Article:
"You must be an ATC," says the balloonist.
"I am," replies the man. "How did you know?"
"Well," says the balloonist, "everything you have told me is technically correct, but I have no idea what to make of your information, and the fact is I am still lost.
"The man below says, "You must be a manager."
"I am," replies the balloonist, "but how did you know?"
"Well," says the man, "you don't know where you are, or where you are going. You have made a promise which you have no idea how to keep, and you expect me to solve your problem. The fact is you are in the exact same position you were in before we met, but now it is somehow my fault."
The Sydney Morning Herald released an article over the weekend, highlighting the shortage of Air Traffic Controllers in Australia. This is just one of a hand full of articles as well as an interview on ABC radio from Dick Smith, who I am surprised to say went in to bat for ATC.
A proposal put to Airservices Australia to attract and retain more air traffic controllers to airports has been met with derision, the union representing controllers says.
The claims come after airspace to the northwest of Canberra was unwatched for a total of two hours on Sunday night, causing extra work for pilots and affecting 17 flights between Melbourne and Sydney.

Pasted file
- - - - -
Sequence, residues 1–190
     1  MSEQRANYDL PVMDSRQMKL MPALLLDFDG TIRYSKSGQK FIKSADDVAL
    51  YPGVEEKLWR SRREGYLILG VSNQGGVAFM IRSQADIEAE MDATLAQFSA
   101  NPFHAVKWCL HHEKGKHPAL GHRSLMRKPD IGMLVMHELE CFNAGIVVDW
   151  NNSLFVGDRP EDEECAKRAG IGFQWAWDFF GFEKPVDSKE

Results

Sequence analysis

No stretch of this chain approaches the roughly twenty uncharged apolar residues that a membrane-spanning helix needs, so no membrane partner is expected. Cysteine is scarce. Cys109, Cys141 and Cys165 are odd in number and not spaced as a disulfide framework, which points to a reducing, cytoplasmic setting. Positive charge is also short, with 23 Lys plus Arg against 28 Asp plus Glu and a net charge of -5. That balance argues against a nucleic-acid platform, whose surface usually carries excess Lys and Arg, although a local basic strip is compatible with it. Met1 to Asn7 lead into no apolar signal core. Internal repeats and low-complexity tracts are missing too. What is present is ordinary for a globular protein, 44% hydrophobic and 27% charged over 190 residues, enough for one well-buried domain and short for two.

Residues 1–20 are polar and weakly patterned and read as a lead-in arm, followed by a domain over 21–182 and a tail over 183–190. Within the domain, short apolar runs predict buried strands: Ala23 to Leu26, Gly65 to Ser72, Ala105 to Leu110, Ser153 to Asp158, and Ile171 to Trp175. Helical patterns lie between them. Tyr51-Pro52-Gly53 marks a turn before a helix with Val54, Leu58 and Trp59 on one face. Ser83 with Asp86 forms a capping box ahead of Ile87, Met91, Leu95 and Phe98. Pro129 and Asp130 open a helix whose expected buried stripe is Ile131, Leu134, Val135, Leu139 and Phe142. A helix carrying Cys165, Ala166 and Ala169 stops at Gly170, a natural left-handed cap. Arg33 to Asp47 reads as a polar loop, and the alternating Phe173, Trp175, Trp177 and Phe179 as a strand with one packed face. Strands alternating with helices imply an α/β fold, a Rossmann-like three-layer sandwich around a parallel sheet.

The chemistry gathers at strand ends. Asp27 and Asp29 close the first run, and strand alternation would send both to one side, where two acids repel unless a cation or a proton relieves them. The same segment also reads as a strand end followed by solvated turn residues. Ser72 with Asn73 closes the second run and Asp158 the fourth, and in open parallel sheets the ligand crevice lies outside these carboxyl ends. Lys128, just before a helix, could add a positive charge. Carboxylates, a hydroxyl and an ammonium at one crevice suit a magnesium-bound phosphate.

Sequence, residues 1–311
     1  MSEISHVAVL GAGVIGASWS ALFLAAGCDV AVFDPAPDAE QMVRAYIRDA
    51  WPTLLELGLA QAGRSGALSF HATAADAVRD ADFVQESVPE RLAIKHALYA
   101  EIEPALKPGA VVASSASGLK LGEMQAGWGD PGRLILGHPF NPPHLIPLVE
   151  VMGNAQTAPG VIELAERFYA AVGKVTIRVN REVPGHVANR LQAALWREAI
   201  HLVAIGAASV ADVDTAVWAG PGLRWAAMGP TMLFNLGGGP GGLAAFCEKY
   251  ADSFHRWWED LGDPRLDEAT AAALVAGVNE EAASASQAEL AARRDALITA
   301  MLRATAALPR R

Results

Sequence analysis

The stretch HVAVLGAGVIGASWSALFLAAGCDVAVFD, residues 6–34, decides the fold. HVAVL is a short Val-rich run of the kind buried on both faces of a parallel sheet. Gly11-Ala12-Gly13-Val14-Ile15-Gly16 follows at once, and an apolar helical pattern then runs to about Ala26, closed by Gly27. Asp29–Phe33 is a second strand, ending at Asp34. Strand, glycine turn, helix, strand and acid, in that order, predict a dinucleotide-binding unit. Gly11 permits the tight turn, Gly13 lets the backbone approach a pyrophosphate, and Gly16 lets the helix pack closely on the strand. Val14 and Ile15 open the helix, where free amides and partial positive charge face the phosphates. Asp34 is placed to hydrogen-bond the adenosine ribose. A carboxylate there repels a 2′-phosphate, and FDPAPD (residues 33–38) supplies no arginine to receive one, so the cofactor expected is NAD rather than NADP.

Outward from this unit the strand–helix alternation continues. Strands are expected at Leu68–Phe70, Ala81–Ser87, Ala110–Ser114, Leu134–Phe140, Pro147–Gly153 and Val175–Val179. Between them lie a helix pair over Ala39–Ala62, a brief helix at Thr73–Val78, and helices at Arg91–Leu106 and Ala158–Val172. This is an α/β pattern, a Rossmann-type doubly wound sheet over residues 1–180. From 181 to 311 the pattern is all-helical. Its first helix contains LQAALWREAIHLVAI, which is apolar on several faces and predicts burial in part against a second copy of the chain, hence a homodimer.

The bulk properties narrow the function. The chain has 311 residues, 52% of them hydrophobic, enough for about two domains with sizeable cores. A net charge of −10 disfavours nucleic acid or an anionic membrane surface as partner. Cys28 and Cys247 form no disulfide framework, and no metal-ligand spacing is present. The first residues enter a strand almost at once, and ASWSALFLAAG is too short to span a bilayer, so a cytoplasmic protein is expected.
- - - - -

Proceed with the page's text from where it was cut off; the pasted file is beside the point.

The Civil Air Operations Officers' Association of Australia, known as Civil Air, says controllers are increasingly frustrated by a shortage of staff.
"They're continually being asked to perform additional duty above and beyond their normal hours," Civil Air Executive Secretary Peter McGuane told AAP.
"Basically, they're working a 35 hour week and are being constantly asked to come back for, in some circumstances, multiple shifts to replace other colleagues who may be taken ill.
"Obviously that has a debilitating effect over time in terms of their fatigue levels and their constant requests to come back to work to cover unplanned absences."
Authorities were only really becoming aware of the problem as a result of inadequate workforce planning several years ago, he said.
"There simply aren't enough controllers to guarantee provision of continuous services because the system relies on constant performance of overtime and additional duty," he said.
"So in circumstances where people are unable to perform that emergency duty, the airspace has to revert to information broadcast procedures.
"The management of Airservices (then) refused to recognise this problem and failed to put in place measures to address both the age profile and the early retirement of people and now, additionally and increasingly, the fact that there are very lucrative conditions being offered overseas."
Airservices Australia had since increased the trainee uptake, which the union had welcomed, he said.
"But that's going to take some time to produce a finished product because it takes anywhere between 18 months and two years to have controllers fully weighted and able to perform their operational functions.